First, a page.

Raising McCAIN: Challenges and Opportunities in Returning a “Mishap Ship” to Warfighting Readiness

Sandwiches will be served at 12.40.

On 21 August 2017, the U.S. Navy warship USS JOHN S. McCAIN suffered a collision in the Singapore strait that killed ten sailors, caused hundreds of millions of dollars in damage and took the destroyer out of service for three years. This was the second fatal collision involving a U.S. Navy ship that summer, and it sparked a large-scale reevaluation of readiness throughout the Navy, particularly in the surface force. Against this background of institutional introspection and debate, the officers and crew of USS JOHN S. McCAIN laboured to rebuild their ship, mourn their losses, address their trauma, and reassemble a team to take the ship back to sea and “back into the fight.”

Joining the ship’s company in late 2017, Captain Ryan Easterday served as Executive Officer and then Commanding Officer of USS JOHN S. McCAIN until February 2021. In these roles he was deeply involved in restoring “Big Bad John” (as the ship is colloquially known by its crew) from a “mishap ship” back to full warfighting readiness. He will discuss his experiences of the challenges and opportunities involved in repairing and remanning the ship, addressing collective trauma, preparing the crew for the rigors of deployment, and finally taking ship and crew back out on operations throughout the Indo-Pacific.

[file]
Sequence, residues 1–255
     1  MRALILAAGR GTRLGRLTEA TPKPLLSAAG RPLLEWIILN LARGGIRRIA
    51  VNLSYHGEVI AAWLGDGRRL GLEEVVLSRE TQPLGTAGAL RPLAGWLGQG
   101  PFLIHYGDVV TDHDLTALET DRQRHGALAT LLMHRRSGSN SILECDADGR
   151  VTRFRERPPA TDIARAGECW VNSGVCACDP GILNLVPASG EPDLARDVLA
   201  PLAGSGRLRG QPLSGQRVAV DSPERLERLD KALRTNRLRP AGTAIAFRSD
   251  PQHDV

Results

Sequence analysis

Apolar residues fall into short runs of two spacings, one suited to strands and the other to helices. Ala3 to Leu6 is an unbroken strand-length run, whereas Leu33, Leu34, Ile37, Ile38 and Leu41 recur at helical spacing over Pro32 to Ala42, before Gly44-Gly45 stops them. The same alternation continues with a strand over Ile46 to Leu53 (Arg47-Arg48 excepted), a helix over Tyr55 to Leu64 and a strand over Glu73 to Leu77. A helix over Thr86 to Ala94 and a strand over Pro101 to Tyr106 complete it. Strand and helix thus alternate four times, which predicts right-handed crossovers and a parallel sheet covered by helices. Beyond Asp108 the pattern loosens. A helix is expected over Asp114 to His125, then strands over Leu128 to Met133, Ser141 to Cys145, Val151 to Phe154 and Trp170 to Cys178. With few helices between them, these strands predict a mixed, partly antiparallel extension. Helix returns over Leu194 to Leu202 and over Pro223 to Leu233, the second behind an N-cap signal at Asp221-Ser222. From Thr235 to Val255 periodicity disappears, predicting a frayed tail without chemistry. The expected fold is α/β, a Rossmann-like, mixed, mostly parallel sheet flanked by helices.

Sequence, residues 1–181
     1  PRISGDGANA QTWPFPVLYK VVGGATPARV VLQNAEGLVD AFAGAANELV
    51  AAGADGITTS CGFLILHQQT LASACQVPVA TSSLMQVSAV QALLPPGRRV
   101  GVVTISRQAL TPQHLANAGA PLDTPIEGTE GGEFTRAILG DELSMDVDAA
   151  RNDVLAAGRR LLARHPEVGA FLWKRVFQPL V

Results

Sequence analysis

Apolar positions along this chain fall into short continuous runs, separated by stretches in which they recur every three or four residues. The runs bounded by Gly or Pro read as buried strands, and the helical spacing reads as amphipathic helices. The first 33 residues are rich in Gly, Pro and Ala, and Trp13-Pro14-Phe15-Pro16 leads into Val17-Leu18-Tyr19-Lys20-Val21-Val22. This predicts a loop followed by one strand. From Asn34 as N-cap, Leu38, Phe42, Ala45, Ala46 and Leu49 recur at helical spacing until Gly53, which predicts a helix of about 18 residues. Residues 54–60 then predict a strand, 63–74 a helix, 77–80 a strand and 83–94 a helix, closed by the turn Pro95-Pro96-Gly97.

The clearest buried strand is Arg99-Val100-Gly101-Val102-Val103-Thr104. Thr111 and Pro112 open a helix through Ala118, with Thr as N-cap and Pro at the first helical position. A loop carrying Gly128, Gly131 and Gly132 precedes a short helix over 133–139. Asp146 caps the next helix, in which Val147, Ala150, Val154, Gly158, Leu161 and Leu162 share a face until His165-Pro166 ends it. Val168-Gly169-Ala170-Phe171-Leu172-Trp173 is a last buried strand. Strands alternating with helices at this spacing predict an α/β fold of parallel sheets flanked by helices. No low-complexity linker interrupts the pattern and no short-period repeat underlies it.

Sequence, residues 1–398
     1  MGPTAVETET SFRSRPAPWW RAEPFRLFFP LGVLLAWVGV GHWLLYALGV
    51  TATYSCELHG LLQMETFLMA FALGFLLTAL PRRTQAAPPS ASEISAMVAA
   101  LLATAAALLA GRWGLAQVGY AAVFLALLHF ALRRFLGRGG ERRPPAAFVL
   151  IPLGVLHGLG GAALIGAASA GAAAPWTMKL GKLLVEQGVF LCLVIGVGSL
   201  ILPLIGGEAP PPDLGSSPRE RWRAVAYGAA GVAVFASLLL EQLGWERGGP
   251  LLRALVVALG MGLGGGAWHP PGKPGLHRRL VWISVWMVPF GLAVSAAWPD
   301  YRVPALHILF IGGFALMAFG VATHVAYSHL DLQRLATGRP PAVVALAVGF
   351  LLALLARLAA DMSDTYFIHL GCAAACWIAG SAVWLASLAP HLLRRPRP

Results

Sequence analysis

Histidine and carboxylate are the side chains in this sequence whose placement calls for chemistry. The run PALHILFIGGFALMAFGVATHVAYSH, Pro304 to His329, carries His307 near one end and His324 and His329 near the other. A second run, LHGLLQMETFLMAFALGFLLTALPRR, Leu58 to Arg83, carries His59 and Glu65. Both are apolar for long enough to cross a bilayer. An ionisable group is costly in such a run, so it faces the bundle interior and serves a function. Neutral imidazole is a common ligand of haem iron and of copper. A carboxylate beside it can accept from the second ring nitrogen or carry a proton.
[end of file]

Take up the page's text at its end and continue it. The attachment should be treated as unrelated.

Biography: As a junior officer, he participated in humanitarian relief operations in Indonesia following the 2004 South Asian tsunami, and counter-terrorism operations in the Philippines, as well as blue water operations throughout the Western Pacific, Indian Ocean and Arabian Gulf.

While commanding USS SIROCCO (PC 6) he conducted the first homeport shift of a Patrol Coastal crew from the United States to the Kingdom of Bahrain. As executive officer and later as commanding officer of USS JOHN S. McCAIN (DDG 56) from 2018 to 2021, he spent three years returning the ship to full warfighting readiness in the aftermath of a tragic collision at sea, culminating in a highly successful deployment that saw the ship operating throughout the Indo-Pacific, from Vishakhapatnam to Vladivostok and (nearly) everywhere in between.

As the Director of the USS RONALD REAGAN Strike Group’s Maritime Operations Center, he deployed in support of the Afghan withdrawal and Kabul evacuation, as well as operations in the Indo-Pacific– including multiple at-sea engagements with the HMS QUEEN ELIZABETH Carrier Strike Group. Ashore, he has been stationed in the UK and in Germany, supporting multinational naval operations in the North Atlantic and special operations forces in North and West Africa.

Ryan holds a BS in History from the United States Naval Academy and an MA in Defence Studies from Kings College London, which he earned while attending the United Kingdom’s Joint Services Command and Staff College. His research interests are varied and include ethics, organizational behavior, deterrence, nuclear strategy, risk assessment and management, the impact of climate change on security, and civilizational resilience.